Black Mountain grasped the dream of art as a lived condition rather than a hoarded possession.
—Holland Cotter, The New York Times

Available November 26, 2019

Black Mountain Poems


Edited by Jonathan C. Creasy

An essential selection of the poetry of one of the most important twentieth-century creative movements.

Black Mountain College had an explosive influence on American poetry, music, art, craft, dance, and thought; it’s hard to imagine any other institution that was so interdisciplinary, rebellious, utopian, and experimental. Founded with the mission of creating rounded, complete people by balancing the arts and manual labor within a democratic, nonhierarchical structure, Black Mountain was a crucible of revolutionary literature. Although this artistic haven only existed from 1933 to 1956, Black Mountain helped create and foster some of the most radical and significant midcentury American poets.

The editor of this anthology, Jonathan C. Creasy, begins with the well-known Black Mountain Poets—Olson, Creeley, Duncan, Levertov, and Williams—but expands the selection to include the artist Josef Albers and the musician John Cage, as well as the often overlooked women associated with the college, M. C. Richards and Hilda Morley.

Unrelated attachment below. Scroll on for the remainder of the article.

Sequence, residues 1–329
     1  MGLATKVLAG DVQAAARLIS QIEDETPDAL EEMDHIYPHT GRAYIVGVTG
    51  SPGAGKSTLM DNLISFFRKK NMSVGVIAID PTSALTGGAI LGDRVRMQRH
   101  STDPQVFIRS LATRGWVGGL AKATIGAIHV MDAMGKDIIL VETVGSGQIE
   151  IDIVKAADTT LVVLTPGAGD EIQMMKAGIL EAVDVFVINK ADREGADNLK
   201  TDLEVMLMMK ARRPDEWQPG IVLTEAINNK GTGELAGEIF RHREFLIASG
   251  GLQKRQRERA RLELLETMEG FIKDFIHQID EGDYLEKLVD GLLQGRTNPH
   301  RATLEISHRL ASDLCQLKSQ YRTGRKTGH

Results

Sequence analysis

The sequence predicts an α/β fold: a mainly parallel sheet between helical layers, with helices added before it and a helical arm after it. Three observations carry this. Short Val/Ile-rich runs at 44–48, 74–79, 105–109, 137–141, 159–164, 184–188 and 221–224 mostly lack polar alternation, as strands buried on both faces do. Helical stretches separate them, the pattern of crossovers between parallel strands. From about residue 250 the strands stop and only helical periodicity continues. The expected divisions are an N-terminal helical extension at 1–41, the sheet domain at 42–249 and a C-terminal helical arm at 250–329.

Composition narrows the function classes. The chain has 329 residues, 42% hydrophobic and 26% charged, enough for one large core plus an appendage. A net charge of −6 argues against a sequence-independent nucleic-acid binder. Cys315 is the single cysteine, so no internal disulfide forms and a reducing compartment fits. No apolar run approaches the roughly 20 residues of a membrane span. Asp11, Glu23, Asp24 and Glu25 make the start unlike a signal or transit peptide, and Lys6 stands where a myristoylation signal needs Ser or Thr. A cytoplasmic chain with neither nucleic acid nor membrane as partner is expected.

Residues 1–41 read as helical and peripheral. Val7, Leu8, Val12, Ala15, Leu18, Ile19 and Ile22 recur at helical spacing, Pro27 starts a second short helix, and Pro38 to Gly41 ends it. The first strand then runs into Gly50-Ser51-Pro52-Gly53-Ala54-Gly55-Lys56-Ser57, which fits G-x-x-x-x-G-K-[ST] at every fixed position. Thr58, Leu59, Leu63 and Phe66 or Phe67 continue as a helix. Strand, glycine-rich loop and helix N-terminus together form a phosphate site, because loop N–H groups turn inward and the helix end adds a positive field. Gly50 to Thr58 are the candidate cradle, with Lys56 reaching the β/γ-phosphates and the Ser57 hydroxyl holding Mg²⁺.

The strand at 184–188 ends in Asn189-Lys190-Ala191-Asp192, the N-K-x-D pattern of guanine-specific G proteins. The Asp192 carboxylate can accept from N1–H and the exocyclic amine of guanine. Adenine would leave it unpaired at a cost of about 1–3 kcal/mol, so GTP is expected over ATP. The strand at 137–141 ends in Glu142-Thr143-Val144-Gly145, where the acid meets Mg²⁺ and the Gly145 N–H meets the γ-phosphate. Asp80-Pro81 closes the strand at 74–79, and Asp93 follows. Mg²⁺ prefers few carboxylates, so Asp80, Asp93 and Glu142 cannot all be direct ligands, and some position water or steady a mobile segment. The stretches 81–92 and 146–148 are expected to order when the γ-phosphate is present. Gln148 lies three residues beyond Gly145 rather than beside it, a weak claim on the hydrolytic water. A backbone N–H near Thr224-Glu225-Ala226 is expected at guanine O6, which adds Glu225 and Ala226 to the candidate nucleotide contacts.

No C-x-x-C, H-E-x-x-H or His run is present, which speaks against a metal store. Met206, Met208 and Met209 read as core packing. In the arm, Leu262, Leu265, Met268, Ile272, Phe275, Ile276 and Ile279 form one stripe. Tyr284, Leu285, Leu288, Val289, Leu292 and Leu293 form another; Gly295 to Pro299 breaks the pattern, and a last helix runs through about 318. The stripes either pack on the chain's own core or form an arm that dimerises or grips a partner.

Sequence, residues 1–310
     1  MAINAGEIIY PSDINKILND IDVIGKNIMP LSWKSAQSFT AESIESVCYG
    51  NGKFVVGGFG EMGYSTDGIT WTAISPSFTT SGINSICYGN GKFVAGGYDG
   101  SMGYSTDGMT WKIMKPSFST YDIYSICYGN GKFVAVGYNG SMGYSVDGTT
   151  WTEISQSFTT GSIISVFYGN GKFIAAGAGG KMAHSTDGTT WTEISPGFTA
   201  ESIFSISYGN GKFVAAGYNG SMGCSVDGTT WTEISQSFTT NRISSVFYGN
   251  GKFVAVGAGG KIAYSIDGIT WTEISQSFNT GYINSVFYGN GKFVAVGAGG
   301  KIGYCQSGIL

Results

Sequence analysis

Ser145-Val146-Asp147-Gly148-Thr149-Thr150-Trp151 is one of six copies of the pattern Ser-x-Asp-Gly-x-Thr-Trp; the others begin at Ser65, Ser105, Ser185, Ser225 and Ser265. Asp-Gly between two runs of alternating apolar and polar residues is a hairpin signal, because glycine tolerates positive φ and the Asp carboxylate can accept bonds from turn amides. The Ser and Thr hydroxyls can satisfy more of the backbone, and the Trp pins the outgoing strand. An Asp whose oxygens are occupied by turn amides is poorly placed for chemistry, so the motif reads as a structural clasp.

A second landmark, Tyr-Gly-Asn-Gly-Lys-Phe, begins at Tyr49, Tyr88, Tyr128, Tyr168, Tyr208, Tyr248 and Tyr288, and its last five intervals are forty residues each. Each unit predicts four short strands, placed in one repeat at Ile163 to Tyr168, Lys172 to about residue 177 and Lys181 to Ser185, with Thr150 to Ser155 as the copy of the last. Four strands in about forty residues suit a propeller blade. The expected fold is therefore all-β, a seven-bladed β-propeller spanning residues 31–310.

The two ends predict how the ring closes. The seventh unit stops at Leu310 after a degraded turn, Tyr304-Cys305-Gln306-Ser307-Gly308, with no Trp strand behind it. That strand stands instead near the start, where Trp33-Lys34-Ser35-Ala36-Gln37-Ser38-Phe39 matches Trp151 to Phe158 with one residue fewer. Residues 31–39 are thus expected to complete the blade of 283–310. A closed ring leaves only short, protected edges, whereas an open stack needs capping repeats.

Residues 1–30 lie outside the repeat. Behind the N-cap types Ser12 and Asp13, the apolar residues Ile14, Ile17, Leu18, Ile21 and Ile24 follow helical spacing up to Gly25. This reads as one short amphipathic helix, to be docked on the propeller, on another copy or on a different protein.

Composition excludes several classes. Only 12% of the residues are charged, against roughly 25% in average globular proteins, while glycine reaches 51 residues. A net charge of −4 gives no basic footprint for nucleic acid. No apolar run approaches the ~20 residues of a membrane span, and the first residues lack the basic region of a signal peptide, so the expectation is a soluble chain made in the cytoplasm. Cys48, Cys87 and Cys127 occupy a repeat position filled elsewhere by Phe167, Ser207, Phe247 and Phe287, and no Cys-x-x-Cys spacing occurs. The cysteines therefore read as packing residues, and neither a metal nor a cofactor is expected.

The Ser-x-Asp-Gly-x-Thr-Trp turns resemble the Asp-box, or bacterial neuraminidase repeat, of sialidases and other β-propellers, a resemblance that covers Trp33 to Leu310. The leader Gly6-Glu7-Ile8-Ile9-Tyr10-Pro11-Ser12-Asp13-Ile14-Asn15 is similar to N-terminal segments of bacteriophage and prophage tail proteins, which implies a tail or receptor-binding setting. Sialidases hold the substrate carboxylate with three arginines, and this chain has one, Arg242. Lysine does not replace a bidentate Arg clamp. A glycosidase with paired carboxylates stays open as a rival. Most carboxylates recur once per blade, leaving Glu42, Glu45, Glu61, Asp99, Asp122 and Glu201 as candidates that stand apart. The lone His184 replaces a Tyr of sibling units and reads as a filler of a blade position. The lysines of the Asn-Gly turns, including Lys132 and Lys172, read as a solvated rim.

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Black Mountain grasped the dream of art as a lived condition rather than a hoarded possession.
—Holland Cotter, The New York Times
There’s something so vital and so pure about this collection of poems from minds like R. Buckminster Fuller, Denise Levertov, John Cage, and Josef Albers⁠—voices which, like the Black Mountain School itself, could not be contained by one medium. I’m jealous of this special golden hour of art contained by the capsule of this book. Take me back to school, Black Mountain, to try weaving alongside Anni Albers, watch Ruth Osawa sculpt wire choreography, ponder a geodesic dome, bask in the dare-I-say “childlike innocence’” of these brilliant artists at unfettered, serious play. Can making art make a better world? I sure hope so. Anni Albers’s words from the Black Mountain College Bulletin capture the ardent, humble philosophy of this moment in time: “If education can lead us to elementary seeing, away from too much and too complex information, to the quietness of vision and discipline of forming, it again may prepare us for the task ahead, working for today and tomorrow.” And now, how hungry our ardent hearts are for this kind of quiet earnest discipline.
—Gina Balibrera Amyx, Literati Bookstore
It seems as though half the midcentury American avant-garde came through Black Mountain.
—Louis Menard, The New Yorker
Art is spirit and spirit is eternal.
—Josef Albers